Blood in Crime Scene Investigation

At the scene of a violent crime, the examining officer is likely to discover blood and traces of other bodily fluids. These can tell a lot about what occurred, not only about how the crime was committed, but also about the persons involved.

Nearly everyone knows their basic blood type, whether it is A, B, AB, or 0, and Rhesus negative or positive. This categorising of blood into types was first done by Austrian physiologist Karl Landsteiner at the end of the 19th century. In his experiments, he took small amounts of blood and separated the red cells from the liquid, called the serum. He did this by spinning the blood at high speed in a centrifuge. Then he took the serum and added red cells from different people. They behaved in two different ways: either the cells mixed with the serum, or they clumped together (clotted), which is called ‘agglutination’.

Numerous attempts at blood transfusion had been made in the past, but this observation explained for the first time why so many had failed. When the blood was not of the same type as that in the body, it produced agglutination, and the patient died. Quick tests of blood samples to discover whether agglutination will happen is now done before a transfusion is performed.

Red blood cells carry substances called antigens. These help make antibodies that fight infection and disease. Landsteiner suggested that his experiment showed the presence of two specific antigens, which he labelled A and B. The discovery of these antigens enabled him to divide human blood into 4 basic groups:

Group A: antigen A present; antigen B absent
Group B: antigen A absent; antigen B present
Group AB: both antigens A and B present
Group 0: both antigens absent

The specific blood group of each person depends on the genetic inheritance from both parents. Known as ABO typing, it has been used, for example, to help identify the biological father in a paternity case. How common each group is varies from one national population to another. In the United States, for example, the relative proportions of ABO groups are roughly 39 percent A, 13 percent B, 43 percent 0, and 5 percent AB.

In 1927, Landsteiner discovered two other antigen types, labelling their occurrence as M, N, and MN. In 1940, working in the United States, he and A.S. Wiener discovered the Rhesus factor, named after the Rhesus monkeys they used in their investigations. Since then, other researchers have introduced more than a dozen additional group systems. Different proteins and enzymes associated with specific blood groups have also been identified.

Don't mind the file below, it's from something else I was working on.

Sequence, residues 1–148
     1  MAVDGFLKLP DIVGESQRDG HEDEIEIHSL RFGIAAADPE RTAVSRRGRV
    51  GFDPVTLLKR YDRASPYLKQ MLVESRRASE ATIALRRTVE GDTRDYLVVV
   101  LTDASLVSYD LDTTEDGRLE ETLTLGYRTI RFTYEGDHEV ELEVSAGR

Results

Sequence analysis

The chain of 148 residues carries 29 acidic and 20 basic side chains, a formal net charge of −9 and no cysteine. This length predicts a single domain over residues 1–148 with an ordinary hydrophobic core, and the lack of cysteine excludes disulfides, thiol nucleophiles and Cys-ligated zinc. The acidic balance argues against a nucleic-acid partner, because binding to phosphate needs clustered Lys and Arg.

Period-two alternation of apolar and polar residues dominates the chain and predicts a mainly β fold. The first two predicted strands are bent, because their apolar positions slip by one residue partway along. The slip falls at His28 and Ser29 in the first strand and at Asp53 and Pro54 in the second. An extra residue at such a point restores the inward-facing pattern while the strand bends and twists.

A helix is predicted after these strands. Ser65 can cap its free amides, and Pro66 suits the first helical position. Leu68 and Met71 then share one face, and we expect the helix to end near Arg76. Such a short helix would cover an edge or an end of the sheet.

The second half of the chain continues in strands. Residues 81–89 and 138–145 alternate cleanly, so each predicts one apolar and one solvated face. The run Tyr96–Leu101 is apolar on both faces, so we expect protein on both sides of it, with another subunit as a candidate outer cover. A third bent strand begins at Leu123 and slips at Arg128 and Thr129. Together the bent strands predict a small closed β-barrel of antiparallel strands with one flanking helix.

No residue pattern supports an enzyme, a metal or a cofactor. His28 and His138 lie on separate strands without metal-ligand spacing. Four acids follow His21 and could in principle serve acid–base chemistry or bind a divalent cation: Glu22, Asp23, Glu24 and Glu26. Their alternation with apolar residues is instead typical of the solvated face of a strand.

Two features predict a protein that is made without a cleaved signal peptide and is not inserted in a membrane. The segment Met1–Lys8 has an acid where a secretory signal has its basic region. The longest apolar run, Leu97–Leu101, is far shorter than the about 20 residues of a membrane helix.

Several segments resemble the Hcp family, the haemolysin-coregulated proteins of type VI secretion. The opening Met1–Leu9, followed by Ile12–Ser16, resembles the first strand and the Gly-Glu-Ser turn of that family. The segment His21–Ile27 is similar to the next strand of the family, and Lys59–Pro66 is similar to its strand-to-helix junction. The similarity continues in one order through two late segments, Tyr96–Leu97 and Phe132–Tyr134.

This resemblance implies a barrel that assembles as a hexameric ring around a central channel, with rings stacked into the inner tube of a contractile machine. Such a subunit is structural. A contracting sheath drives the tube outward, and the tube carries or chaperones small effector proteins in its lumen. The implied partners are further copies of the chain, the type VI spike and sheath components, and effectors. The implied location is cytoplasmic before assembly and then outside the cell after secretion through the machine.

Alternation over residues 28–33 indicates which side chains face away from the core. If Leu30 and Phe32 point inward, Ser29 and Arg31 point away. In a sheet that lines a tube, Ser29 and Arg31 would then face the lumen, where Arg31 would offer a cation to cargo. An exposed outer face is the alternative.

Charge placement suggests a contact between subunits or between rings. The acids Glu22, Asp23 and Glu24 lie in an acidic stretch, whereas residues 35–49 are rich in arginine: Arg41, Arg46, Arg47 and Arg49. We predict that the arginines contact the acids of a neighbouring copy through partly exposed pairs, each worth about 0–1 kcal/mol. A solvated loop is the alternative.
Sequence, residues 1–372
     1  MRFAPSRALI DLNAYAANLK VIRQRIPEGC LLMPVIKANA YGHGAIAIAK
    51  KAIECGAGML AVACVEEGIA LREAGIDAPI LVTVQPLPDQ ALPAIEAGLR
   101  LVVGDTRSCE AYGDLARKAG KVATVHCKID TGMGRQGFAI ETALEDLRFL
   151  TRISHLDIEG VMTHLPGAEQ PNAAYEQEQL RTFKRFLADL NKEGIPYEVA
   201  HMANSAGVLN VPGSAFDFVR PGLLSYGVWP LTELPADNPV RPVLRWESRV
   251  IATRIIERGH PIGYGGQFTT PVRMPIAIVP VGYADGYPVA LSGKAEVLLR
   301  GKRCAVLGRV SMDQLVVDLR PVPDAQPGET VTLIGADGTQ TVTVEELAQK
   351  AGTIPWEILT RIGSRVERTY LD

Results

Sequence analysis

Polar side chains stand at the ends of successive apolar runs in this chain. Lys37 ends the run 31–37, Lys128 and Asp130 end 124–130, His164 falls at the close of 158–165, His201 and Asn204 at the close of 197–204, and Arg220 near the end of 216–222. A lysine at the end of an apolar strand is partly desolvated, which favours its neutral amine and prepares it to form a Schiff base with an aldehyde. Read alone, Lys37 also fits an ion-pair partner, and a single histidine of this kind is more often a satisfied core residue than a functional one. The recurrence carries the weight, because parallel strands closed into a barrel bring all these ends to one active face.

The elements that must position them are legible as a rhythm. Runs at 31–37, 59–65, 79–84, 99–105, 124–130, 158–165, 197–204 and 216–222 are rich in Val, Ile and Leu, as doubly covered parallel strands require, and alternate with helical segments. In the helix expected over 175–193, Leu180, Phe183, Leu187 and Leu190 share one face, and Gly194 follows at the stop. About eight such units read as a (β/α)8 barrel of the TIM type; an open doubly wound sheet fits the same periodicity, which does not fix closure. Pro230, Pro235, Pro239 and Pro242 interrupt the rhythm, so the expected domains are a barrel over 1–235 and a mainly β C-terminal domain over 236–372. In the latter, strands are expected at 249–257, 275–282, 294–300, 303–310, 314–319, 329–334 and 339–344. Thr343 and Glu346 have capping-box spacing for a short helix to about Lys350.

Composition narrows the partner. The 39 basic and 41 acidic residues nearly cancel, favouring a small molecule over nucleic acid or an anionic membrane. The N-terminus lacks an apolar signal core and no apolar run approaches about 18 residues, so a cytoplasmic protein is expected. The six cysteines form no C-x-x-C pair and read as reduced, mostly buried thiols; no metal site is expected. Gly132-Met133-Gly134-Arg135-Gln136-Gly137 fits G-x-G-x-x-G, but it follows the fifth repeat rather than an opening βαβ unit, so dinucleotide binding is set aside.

The ability to identify blood type is a powerful means to uncover important evidence in a forensic investigation. If, for example, a victim’s ABO type is O, and remains of blood of this type are found on clothing of a suspect whose type is A, there is a possibility that they have come from the victim.

Making use of the many other blood typing systems now available, this probability is increased greatly. If blood of type 0 occurs in 43 percent of the population, the substance haptoglobin-2 in 36% of these, and the enzyme PGM-2 in 5%, then the probability of an individual having these three blood types together is 43 x 36 x 5 = 7,740 in 1,000,000. In other words, around eight people in every thousand have this specific type of blood. It is still insufficient to obtain a conviction on this evidence alone, but it can help to reduce the group of suspects.

In 1925, another important discovery occurred. Around 80% of people are ‘secretors’. This means their saliva, urine, perspiration, and semen contain the same substances as their blood, and are able to be used for typing in a similar way. In 1940, two British researchers found it was possible to distinguish between female and male body cells, especially the white blood cells and those of the lining of the mouth. Blood typing has now become so precise that recently one scientist showed that he could distinguish between the blood of his twin daughters, who were genetically identical, because one had experienced chicken pox and the other had not.

At the scene of a violent homicidal attack, blood may be present in considerable quantities. Not only will it be on the victim, but also on the weapon and the surroundings. Indoors, the floors, walls, and even the ceilings may be splashed. Careful observation of these bloodstains can provide valuable clues about what took place. Bloodstains and splashes are classified into six basic types.

Round drops are found on horizontal surfaces; depending on the height from which they fell, they can spray out into a starlike shape. Splashes of blood are shaped like an exclamation mark; they show that blood has flown through the air and hit a surface at an angle. While a victim is still alive, spurts of blood result from the pumping action of the heart. A major artery can spray the blood a great distance.

Pools form around the body of the bleeding victim. If there is more than one pool, he either dragged himself, or was dragged, from one area to another before dying. Smears will also be found if this happens. Trails are left when a bloody corpse is moved. There will be drops if the body was carried, and smears if it was dragged.

If you are looking for a Sydney Criminal Lawyer, contact Go to Court. Our Sydney Criminal Lawyer is here to help. BS14082011SCL

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